As we’ve discussed, a simulation can take many forms, from real-life case studies to an engine failure on a passenger jet. But no matter what the topic, a simulation will be effective if it makes use of several important components. Let’s examine those components step-by-step so that you can build effective simulations for any group or desired outcome.
First, and possibly most obvious, a simulation must be realistic. Many times, we want to accept a case study or role-play during training as a simulation. But the key aspect we want to examine is the realism of the simulation, something that is sometimes lost in cases and role-plays. A simulation must make use of current external and internal forces that will act on any decision made in real life. In fact, each simulation for each group and for each time period probably needs to be different. Are the needs of your organization the same as they were six months or a year ago? They probably are not, so your simulations should match. Be as realistic as possible in order to create the real world in a simulated and controlled environment.
By Bryant Nielson, Managing Director On February 21, 2011 NO COMMENTS
Training has come a long way since the existence of only classrooms and on-the-job interventions. Online learning has changed the way we impart knowledge to participants all over the world, but it has also created some unique problems. A simulation can be part of your online learning program, so let’s discuss how you can do this without running into the issues that online learning may create.
Online learning is highly effective in so many situations, especially if your target audience is spread over a wide geography. But online learning can also have the effect of putting learners out there completely alone, with no interaction with fellow learners or the facilitators. In some cases this is fine, but in some cases a simulation would be an excellent way to go against the norm of isolating learners.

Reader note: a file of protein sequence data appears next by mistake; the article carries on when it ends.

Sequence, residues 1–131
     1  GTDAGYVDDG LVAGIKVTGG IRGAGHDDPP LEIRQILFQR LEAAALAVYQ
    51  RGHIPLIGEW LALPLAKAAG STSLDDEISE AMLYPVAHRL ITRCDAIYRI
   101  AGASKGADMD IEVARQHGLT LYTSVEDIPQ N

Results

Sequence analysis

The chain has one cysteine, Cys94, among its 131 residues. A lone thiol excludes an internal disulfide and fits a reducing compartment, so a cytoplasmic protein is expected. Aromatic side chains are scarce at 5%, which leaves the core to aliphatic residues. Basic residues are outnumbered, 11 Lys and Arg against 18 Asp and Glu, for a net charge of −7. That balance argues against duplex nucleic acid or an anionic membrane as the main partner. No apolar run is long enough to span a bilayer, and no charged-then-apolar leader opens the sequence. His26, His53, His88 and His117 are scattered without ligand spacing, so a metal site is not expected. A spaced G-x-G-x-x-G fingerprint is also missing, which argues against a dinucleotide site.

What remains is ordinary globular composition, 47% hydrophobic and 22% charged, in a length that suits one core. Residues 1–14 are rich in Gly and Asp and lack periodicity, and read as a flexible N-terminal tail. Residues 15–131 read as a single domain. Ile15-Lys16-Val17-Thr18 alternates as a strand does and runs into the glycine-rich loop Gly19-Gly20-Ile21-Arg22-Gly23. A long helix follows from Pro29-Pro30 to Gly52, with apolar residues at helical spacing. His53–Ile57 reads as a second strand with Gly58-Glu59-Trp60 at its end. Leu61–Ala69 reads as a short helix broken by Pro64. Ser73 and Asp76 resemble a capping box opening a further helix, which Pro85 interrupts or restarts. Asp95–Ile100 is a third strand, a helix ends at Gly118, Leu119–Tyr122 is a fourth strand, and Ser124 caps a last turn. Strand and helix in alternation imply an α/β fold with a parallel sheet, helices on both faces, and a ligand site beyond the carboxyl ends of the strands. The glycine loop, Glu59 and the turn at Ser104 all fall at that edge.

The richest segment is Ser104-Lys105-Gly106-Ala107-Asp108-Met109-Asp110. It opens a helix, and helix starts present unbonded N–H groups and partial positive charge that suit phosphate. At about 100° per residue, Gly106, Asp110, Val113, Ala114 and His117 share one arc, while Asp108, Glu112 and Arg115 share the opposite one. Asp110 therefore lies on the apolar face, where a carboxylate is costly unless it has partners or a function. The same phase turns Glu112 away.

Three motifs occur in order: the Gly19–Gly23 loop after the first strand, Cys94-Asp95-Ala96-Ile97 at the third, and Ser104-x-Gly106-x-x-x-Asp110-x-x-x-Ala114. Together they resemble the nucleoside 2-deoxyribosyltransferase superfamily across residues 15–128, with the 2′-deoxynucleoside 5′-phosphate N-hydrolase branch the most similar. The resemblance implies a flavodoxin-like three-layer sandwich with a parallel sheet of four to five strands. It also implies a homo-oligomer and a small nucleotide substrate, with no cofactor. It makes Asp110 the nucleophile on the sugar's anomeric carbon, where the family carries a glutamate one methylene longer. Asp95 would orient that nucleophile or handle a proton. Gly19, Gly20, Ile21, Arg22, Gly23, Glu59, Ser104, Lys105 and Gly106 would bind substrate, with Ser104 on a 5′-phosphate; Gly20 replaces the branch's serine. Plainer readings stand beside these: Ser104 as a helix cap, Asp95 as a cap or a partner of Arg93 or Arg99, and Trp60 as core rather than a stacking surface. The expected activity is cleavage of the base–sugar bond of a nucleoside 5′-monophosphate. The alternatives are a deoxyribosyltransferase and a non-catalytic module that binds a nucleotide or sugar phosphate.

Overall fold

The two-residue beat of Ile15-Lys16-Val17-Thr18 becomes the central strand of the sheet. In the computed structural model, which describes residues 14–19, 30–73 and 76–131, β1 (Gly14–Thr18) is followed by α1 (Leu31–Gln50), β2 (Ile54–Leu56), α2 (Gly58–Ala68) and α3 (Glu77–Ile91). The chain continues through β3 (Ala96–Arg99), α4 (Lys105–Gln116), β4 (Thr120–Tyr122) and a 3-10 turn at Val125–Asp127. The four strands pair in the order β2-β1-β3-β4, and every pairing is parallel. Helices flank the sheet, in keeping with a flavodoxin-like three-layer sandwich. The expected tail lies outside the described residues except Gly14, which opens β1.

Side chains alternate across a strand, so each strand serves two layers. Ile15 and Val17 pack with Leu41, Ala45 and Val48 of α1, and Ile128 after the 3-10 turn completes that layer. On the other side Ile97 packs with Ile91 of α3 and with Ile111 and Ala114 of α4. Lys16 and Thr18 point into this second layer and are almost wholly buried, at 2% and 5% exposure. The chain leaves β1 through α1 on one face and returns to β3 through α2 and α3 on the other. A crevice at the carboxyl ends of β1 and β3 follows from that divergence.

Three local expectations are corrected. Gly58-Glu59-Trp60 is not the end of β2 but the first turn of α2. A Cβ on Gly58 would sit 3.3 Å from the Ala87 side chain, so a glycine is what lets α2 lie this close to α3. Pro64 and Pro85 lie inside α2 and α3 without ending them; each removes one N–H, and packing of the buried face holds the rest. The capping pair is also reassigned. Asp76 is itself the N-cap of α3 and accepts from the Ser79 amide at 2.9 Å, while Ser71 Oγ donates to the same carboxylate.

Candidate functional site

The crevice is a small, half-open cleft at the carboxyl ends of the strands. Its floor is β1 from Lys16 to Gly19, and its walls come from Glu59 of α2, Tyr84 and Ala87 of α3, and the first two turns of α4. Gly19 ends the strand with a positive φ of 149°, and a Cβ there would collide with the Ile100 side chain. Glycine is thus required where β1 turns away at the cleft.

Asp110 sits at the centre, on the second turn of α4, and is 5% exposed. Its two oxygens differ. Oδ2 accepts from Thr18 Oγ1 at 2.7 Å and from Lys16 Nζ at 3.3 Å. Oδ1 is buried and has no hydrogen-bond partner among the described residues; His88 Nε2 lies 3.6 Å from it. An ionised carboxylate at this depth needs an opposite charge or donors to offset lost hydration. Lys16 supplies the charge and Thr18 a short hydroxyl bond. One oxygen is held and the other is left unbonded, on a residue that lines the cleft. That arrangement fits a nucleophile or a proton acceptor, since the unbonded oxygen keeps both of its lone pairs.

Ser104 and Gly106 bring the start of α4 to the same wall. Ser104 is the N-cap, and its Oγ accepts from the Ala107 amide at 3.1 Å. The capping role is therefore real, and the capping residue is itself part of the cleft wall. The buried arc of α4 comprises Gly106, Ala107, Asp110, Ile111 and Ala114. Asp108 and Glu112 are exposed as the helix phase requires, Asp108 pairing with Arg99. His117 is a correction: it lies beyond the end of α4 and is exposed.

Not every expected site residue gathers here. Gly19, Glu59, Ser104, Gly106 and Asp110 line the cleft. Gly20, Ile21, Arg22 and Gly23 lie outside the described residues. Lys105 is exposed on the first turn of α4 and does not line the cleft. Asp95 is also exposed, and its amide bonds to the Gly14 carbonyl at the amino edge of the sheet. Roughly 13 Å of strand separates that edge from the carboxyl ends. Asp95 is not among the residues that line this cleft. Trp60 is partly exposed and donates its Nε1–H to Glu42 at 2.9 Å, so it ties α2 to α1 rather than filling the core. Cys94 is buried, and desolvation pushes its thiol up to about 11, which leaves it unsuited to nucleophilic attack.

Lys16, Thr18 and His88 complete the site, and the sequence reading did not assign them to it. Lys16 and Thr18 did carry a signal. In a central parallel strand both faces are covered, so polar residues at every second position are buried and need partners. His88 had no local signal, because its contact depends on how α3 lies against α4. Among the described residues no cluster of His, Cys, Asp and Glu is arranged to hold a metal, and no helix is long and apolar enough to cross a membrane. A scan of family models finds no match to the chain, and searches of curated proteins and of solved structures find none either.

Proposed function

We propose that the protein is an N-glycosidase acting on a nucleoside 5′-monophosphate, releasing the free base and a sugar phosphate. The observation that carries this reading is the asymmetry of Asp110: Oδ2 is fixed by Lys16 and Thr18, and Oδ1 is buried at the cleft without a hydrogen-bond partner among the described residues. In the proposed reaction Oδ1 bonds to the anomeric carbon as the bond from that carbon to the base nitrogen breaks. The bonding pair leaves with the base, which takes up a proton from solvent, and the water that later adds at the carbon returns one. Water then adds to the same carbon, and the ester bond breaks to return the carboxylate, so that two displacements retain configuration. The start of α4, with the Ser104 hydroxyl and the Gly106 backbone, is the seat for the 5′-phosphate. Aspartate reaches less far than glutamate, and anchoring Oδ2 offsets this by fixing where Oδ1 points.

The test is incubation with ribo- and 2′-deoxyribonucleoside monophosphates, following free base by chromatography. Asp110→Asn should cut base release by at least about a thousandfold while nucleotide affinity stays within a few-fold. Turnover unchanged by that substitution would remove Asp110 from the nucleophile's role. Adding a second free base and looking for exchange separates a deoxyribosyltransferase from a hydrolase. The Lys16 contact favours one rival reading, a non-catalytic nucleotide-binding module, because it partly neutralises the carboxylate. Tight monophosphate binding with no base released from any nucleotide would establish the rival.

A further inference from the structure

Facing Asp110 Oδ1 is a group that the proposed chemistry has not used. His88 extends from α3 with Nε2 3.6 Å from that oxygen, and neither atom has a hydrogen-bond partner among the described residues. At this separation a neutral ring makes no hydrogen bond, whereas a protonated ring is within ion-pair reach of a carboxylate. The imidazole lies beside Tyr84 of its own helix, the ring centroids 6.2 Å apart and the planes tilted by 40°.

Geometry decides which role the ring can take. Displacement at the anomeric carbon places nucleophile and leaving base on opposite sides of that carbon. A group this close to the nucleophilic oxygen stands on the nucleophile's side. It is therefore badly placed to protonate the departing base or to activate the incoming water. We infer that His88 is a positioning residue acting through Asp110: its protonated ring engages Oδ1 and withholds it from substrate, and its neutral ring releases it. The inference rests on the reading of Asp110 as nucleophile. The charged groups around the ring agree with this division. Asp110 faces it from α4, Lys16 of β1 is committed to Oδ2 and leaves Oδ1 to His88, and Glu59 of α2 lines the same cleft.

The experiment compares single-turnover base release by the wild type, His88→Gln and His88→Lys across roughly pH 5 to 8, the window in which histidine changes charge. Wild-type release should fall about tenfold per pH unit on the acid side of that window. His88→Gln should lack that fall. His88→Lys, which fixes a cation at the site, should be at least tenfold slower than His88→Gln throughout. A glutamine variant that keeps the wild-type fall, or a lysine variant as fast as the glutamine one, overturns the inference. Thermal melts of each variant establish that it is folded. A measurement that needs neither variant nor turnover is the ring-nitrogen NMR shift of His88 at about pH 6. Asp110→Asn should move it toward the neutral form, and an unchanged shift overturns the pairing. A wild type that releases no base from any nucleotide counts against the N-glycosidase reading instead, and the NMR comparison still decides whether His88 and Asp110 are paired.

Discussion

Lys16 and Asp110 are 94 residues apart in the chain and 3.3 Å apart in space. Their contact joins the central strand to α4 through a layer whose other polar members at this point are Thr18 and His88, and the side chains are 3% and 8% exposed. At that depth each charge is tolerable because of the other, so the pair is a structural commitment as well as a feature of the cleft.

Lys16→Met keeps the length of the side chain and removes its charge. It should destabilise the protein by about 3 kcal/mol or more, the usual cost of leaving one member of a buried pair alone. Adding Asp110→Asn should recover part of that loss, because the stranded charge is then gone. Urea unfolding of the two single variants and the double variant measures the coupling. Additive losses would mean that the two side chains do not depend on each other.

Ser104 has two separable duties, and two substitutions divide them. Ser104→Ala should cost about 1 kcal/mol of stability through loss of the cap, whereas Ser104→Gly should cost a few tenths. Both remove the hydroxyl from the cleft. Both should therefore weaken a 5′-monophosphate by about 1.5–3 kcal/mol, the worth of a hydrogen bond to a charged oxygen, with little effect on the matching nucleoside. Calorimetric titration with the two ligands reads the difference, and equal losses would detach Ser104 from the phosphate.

By Bryant Nielson, Managing Director On February 14, 2011 NO COMMENTS
When you take the time to consider the methods for implementing a simulation, such as online, written, gaming, group participation, or individual, it’s easy to see that simulations can fit with any type of program. But it’s also a good idea to think about the specific benefits and advantages of simulations, especially if you are going to have to justify an increase in cost or time for an overall training program.
By Bryant Nielson, Managing Director On February 7, 2011 NO COMMENTS
In this series of articles, we will look at the use of simulations in effective training interventions. First, let’s find out why an organization would want to use simulations in its training program.
In the past, the mention of training simulations brought pictures of high-tech cockpit mock-ups and controlled burning buildings to mind. But in today’s environment, a training simulation can occur in a classroom or online with just about any line of professionals. We know that simulations in highly technical or dangerous situations are necessities, but why should we consider using simulations in various aspects of business training, such as strategy, operations, or even leadership? The answers are fairly simple, so in this series we will discuss simulations and how you can effectively implement them in your organizations.